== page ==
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Can't Dance? There Might Be a Scientific Explanation

Researchers have discovered why some people can't keep a beat or tap along with music - they could have a rare condition known as 'beat-deafness.'

SCIENCEALERT STAFF
12 NOV 2014
 

If you look more like an awkward robot than Kevin Bacon in Footloose when on the dancefloor, don’t feel bad - there may be a scientific explanation for your inability to dance. New research suggests that you could be ‘beat-deaf’ - which means you're simply incapable of moving to the rhythm of music. 

To investigate if there was a biological excuse for all those clumsy dancers out there, researchers from McGill University and the University of Montreal in Canada compared two people with suspected beat-deafness to 32 control participants. The participants were asked to tap their feet evenly without any sound, which they all managed to do easily. This ruled out a general motor deficit. But when music was added, the beat-deaf participants weren’t able to keep in sync with the time changes, the team reports in the journal The Philosophical Transactions of the Royal Society.

 

The team concluded that beat-deafness, though very rare, is a disorder that affects how the body's internal biological rhythms change to react to external cues. Biological rhythms are the natural patterns that allow us to perform activities such as eating and sleeping. Other rhythmic behaviours are driven by external cues, such as when we moderate our walking speed to match our partner's.

The findings suggest that beat-deaf individuals are less able to synchronise their biological rhythms with an external cue, which could explain why they find it difficult to tap their feet or dance to music.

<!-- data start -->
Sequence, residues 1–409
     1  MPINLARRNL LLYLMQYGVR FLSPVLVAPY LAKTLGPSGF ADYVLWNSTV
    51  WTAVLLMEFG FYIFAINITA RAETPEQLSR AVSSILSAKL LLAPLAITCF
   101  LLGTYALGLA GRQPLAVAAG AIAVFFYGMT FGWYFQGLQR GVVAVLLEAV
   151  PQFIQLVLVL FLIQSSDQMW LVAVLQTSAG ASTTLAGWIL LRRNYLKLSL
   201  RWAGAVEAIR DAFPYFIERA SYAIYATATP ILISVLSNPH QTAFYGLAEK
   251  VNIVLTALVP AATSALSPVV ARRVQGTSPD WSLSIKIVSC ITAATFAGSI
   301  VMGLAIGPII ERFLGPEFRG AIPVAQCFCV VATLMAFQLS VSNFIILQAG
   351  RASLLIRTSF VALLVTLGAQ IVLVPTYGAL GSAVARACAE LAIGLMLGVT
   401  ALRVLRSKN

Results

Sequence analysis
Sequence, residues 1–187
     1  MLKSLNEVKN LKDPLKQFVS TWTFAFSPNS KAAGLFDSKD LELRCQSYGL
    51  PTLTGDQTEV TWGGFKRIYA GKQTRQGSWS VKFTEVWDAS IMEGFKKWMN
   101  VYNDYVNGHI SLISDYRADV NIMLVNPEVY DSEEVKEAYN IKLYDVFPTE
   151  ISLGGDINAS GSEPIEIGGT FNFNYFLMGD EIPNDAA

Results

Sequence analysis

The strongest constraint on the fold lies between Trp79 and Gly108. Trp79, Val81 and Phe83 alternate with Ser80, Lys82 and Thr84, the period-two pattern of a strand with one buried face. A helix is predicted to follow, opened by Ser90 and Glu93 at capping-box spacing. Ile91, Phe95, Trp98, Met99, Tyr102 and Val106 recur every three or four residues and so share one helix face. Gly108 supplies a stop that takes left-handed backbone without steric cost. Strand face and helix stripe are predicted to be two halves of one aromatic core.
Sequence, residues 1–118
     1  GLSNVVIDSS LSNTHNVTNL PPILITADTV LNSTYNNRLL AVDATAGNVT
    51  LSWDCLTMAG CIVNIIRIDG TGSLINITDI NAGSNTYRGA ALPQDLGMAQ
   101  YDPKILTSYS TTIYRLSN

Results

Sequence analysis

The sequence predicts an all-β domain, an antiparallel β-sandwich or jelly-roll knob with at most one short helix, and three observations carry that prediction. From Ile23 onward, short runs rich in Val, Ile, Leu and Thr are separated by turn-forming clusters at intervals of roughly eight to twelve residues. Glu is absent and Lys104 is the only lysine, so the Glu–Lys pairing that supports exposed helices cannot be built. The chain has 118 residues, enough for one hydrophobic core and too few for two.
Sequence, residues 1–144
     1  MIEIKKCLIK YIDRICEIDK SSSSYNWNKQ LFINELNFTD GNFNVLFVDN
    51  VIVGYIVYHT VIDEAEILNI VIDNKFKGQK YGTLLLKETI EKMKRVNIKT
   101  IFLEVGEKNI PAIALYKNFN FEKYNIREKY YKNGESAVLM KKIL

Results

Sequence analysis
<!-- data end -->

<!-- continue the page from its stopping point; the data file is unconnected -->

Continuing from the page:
“While most people can adapt their rhythms in response to an external cue, some people are less able to do that”, said Caroline Palmer, psychologist and lead researcher, in a press release. “We tested what makes beat-deaf individuals different, by seeing how people whose biological rhythms may not respond normally to external cues adapt to an external beat.”

In a separate study published last week, scientists explored the link between a child’s ability to assess a musical rhythm and master various grammar exercises. The results revealed that children who performed well in one skill also performed better than average in the other skill, suggesting that music could benefit a child’s learning ability.

Many studies have shown the benefits of understanding rhythm in other aspects of our life, such as multi-tasking and academic performance. It's fascinating that most of us evolved to have an innate biological clock which programs responses to external rhythms, but what does it mean for those who are beat-deaf?

While being rhythmic is a great talent to have, for all the rhythm-less people out there, remember that there’s scientific explanation to justify your bizarre dance moves.

Source: McGill University

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